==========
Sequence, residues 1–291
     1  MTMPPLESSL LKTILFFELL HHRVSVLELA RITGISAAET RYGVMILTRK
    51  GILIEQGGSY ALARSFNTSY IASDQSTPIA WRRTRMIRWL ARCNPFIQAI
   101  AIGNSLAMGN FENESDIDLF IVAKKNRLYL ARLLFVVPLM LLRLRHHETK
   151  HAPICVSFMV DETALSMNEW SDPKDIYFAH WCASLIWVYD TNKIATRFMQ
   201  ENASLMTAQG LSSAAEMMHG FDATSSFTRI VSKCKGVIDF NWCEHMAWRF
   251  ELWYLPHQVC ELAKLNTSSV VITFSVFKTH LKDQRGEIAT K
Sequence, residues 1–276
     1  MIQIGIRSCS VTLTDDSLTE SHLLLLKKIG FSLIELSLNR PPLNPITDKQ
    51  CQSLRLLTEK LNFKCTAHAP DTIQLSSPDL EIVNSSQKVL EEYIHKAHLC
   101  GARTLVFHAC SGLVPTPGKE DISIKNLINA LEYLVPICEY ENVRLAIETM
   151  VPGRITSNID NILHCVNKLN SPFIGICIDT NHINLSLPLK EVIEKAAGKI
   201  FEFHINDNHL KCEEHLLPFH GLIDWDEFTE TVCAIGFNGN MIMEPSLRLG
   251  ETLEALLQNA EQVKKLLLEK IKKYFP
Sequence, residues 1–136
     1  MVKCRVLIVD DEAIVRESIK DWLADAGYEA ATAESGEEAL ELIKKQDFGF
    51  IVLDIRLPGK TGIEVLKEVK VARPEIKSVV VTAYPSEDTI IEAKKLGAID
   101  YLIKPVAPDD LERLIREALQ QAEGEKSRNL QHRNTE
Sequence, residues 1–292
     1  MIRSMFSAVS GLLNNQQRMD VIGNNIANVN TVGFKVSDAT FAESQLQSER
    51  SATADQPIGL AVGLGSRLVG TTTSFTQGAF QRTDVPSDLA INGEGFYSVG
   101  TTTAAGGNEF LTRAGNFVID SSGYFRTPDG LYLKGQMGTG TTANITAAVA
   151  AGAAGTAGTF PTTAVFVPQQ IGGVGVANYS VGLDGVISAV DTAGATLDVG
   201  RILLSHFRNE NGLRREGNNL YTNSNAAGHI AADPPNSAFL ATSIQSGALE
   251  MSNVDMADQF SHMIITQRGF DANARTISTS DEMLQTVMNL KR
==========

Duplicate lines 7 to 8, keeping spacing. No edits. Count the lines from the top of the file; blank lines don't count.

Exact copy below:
   251  ELWYLPHQVC ELAKLNTSSV VITFSVFKTH LKDQRGEIAT K
Sequence, residues 1–276